“This is my husband Paul.”
Paul had grown used to hearing those words over the last six months; they had lost that strange, ineffable quality that was at once familiar and yet wholly new, but he was completely unprepared to hear those words here. He and James had been married since June and were in James’ hometown visiting his family for Christmas. It was a small town of the kind that people sometimes describe as backward (though Paul tried not to think of it that way out of respect for James and his family). He hadn’t expected his husband to introduce him as such; they had even talked about it somewhat, in the way that gay couples do (“Soooo…not everyone back home knows that I’m gay.”) So it was completely out of left field when James’ conservative pastor uncle and his wife (wearing a pink floral skirt, matching jacket, pillbox hat, and white gloves to boot) approached the table where they were all about to have lunch together and James just laid it all out without the slightest hesitation.
The uncle was visibly startled and his wife looked momentarily confused having never really considered the possibility that two men could be married. She had seen on the news that it was legal now and had shaken her head and clucked her tongue disappointedly, but those things seemed so far away, a different world, and she never expected to find a gay couple in her town, certainly not her nephew with this strange man she had never seen before.
Paul turned to James, and found on his face a smirk that was at once whimsical and mischievous. The shape of his mouth made clear his intended purpose: to cause a ruckus which was one of his primary joys in life. There was more to it though, his eyes had an unusual intensity to them and, after a moment, he saw the message there: Paul is family, if you care for me, you’ll love him as I do and if not, hit the road. Paul turned back to the bewildered couple to see if the message was received and found the man putting on a good show of recovering his composure and the woman looking to her husband for the answers she had been unable to come up with.
There was a long pause, lengthened further by the intensity of the situation and as it became clear that there was only one way this lunch could proceed, James’ uncle jutted out his hand and said, “Nice to meet you, Paul” and he hid his discomfort well enough that an outside observer might have believed he really meant it. The aunt smiled with a distinct lack of assurance and offered her gloved hand for Paul to shake as well.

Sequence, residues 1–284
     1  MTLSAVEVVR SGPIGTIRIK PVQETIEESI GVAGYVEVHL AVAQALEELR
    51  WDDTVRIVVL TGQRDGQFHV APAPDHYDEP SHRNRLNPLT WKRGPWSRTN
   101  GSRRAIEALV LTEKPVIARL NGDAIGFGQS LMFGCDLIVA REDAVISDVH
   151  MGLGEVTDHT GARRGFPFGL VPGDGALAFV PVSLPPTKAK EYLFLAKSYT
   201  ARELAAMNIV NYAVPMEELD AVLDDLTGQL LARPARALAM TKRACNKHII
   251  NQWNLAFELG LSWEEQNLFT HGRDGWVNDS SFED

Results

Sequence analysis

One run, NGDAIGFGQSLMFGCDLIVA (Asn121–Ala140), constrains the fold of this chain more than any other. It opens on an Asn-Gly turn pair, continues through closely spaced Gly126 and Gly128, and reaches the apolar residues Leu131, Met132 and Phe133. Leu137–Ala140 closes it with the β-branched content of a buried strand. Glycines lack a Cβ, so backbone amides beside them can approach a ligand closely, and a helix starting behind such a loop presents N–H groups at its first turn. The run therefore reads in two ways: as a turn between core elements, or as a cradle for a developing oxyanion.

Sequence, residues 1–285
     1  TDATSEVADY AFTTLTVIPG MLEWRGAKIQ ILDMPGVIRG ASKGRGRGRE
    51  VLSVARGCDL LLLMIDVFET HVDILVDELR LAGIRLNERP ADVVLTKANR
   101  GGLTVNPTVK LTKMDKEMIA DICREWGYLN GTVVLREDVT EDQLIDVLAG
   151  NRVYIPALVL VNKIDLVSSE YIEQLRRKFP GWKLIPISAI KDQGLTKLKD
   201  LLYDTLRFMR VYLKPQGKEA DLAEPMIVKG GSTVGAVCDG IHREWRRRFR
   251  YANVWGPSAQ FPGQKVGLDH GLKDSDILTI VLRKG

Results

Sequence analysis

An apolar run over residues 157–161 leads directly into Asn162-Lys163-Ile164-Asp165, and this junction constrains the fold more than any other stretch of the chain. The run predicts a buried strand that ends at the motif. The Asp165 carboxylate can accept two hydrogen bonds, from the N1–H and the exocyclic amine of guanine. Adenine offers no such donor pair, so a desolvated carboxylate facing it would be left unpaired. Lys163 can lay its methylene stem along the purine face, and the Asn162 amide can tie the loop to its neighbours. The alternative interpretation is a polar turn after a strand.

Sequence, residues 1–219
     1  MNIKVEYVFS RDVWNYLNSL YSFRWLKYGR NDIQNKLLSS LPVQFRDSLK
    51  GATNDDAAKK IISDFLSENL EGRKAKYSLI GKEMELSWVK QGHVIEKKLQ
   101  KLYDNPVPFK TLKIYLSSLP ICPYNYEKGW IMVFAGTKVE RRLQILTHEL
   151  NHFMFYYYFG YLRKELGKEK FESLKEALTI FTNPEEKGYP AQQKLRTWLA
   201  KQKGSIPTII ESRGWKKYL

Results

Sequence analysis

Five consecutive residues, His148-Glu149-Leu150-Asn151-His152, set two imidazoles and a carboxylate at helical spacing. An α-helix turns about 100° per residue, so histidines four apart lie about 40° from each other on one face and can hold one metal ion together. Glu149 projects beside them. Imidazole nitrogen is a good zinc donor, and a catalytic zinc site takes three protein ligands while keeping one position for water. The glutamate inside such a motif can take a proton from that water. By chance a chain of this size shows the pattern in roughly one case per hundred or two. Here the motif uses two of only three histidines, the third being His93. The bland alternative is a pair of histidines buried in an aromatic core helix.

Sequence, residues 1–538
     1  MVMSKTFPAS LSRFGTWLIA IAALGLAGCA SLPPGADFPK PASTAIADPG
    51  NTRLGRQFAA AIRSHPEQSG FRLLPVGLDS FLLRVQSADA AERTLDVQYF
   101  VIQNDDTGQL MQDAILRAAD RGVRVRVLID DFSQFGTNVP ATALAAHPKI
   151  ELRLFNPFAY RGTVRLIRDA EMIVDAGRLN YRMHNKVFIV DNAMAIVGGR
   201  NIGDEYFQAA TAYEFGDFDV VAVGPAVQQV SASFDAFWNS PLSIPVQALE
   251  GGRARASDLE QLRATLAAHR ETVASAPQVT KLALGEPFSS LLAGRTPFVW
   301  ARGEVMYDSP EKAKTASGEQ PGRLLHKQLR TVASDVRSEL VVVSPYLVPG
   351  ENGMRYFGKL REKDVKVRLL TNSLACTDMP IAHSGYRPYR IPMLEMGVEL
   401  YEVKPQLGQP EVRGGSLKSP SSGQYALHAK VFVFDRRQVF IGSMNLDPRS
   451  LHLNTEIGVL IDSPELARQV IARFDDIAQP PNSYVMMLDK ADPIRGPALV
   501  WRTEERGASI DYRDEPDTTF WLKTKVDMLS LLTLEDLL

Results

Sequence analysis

The lunch was not the most awkward situation Paul had ever been in, but considering he had gone through a year long phase of speaking his mind to his family who never spoke about anything, that wasn’t saying much. Everyone smiled and made polite conversation: the uncle asked about Paul’s work as an architect and the aunt questioned him about his family and place of origin. Paul, doing his duty, listened with expertly feigned interest to stories of small town life full of references to feed stores and crops while occasionally glancing over at his husband. James seemed to be refusing to take part in the conversation giving only the most perfunctory answers and often only deigning to shake or nod his head. Paul had the distinct feeling that James was proctoring some sort of test, but had, as of yet, been unable to determine exactly whom he was testing and on what subject.
Eventually, their time together concluded, the check was brought, and goodbyes were said. Everyone continued their show of politeness, except James who continued his performance as a mute. That is, until, they had walked outside, split off to go their separate ways, and just before they were out of earshot of each other, James turned and called out, “You’ll have to come out and see our place in California sometime!”
The older couple looked at each other a moment, not sure if they had heard correctly, but after a brief pause, the uncle called back, “Yes, that sounds like a fine idea.”
As they continued to walk toward their car, Paul said, “What the hell was that about?”
James turned to him with a look of fierce determination and said, “I’m gonna change the minds of this backward town if it’s the last thing I do.”
Paul chuckled a little as hit the button to unlock the car doors and thought, “So that’s what this trip was about.”
AUTHOR’S NOTE: I recently realized that it’s very possible for people to misunderstand this piece so I wanted to clear something up. I’m not James. I didn’t write this as an announcement of my crusade to change people’s minds about gay marriage or anything like that. In fact, my goal has never been to change people’s theology. My goal is to change people’s minds about gay people, not gay relationships. I want people to be loving and compassionate towards everyone, even those they disagree with. And even then, I didn’t write this with myself in mind. Honestly the story just kinda popped into my head as most of my stories do, and I wrote it down. That’s all, no hidden agendas or mission statements, just a story.